For this retrospective study, 128 cases (6.7%) were extracted from the pool of 1,911 patients with a diagnosis of metastatic urothelial carcinoma from the RISC database. Data from 23 centers was collected. Results of first-line, platinum-based chemotherapy in bone-only metastatic patients were compared with those from the remaining patients in the RISC database. Summary statistics were used to describe patient characteristics and outcomes. The Kaplan-Meier method was used to estimate time to event outcomes such as progression-free survival (PFS) and overall survival (OS). Both OS and PFS were measured from the date of diagnosis of metastatic disease. Univariable and multivariable Cox analyses were performed.
Among the 128 evaluable metastatic urothelial carcinoma patients treated between February 1997 and April 2013, ECOG performance status was ≥1 in 85.9% vs. 66.3% of the remaining patients from RISC database. Seventy-three (57%) patients received first-line chemotherapy, which was platinum-based in all patients, and 28 patients (38.4%) receiving second-line chemotherapy (vs. 75.8% and 42.5%, respectively, from the RISC database). On multivariable analyses, chemotherapy administration was associated with improved OS among bone-only metastatic urothelial carcinoma patients (HR 0.90, 95%CI 0.48-1.68), although not statistically significant. Among platinum-treated patients (total evaluable n = 972), significantly-different PFS and OS estimates were observed according to the bone metastases status (no bone metastases vs. bone metastases only vs. bone + other metastases, p < 0.001). 2-year PFS was: 37.4%, 28.8%, 25.9% for bone metastases, bone metastases only, and bone + other metastases, respectively. Furthermore, 2-year OS was: 35.5%, 15.8%, 23.0%, for bone metastases, bone metastases only, and bone + other metastases, respectively.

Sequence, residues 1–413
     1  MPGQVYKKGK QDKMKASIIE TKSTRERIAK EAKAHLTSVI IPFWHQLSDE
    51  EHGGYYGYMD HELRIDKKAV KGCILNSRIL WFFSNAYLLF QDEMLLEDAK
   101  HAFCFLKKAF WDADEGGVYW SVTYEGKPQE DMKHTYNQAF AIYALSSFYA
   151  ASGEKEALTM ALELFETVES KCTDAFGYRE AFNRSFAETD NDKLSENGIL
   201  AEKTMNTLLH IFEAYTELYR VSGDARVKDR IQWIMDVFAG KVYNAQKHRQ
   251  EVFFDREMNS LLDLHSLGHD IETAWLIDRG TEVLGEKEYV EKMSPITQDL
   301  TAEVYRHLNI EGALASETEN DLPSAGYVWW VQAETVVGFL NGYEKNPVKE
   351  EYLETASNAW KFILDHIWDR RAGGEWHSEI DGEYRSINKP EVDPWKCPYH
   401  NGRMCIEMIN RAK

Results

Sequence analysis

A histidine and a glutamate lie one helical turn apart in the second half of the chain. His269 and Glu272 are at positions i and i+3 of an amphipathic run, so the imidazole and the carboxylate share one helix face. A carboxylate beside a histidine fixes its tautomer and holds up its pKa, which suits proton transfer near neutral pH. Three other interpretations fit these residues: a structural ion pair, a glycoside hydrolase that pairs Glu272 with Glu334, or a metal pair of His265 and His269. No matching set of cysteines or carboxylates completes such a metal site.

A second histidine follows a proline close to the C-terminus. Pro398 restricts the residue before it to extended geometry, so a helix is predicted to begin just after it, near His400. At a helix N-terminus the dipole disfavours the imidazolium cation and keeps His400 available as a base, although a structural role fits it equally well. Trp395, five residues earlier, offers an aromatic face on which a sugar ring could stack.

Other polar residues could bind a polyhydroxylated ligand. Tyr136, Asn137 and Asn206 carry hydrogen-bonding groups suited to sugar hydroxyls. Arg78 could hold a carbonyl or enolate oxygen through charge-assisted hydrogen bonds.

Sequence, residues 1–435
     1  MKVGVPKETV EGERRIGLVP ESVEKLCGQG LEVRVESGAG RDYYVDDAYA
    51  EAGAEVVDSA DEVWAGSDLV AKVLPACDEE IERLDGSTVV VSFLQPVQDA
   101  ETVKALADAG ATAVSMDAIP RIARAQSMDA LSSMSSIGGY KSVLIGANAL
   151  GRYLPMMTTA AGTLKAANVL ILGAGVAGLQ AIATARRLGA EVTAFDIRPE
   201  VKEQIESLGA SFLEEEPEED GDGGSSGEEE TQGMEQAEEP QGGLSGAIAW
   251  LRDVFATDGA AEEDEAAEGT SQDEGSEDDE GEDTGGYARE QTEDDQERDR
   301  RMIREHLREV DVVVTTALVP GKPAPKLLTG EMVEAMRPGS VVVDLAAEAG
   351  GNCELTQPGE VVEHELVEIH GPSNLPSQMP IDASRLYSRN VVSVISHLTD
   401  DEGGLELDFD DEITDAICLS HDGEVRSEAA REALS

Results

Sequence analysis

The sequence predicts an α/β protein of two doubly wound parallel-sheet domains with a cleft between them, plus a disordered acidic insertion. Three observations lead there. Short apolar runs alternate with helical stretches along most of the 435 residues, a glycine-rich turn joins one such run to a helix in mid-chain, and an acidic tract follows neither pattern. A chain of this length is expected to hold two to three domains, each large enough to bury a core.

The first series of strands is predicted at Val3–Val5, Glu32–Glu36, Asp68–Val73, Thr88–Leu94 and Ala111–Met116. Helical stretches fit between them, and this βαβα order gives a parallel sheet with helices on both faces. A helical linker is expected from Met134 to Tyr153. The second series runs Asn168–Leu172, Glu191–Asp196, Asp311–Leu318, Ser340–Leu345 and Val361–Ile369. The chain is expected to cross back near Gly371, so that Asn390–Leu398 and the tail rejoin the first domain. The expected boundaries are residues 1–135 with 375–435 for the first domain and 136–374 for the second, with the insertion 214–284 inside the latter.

The authors concluded that patients with bone only metastases are less likely to receive systemic therapy than patients with metastases to other sites, likely due to worse performance status. The prognostic impact of having exclusive bone metastases or additional sites seems to be equally poor. Clinical trials with new agents should focus on including this at-risk patient population.
Speaker: Andrea Necchi, Fondazione IRCCS Istituto Nazionale dei Tumori, Milan, Italy
Co-Authors: G. R. Pond (Hamilton, Canada) S. K. Pal (Duarte, United States of America) N. Agarwal (Salt Lake City, United States of America) D. Bowles (South Aurora, United States of America) E. Plimack (Philadelphia, United States of America) E. Y. Yu (Seattle, United States of America) S. Ladoire (Dijon, France) J. Baniel (Petach Tikva, Israel) S. Crabb (Southampton, United Kingdom) G. Niegisch (Düsseldorf, Germany) A. Golshayan (Charleston, United States of America) S. Sridhar (Toronto, Canada) D. Berthold (Lausanne, Switzerland) J. E. Rosenberg (New York, United States of America) T. Powles (London, United Kingdom) A. Bamias (Athens, Greece) L. C. Harshman (Boston, United States of America) J. Bellmunt (Boston, MA, United States of America) M. D. Galsky (New York, United States of America)
Written By: Zachary Klaassen, MD, Urologic Oncology Fellow, University of Toronto, Princess Margaret Cancer Centre, Twitter: @zklaassen_md at the European Society for Medical Oncology Annual Congress - September 8 - 12, 2017 - Madrid, Spain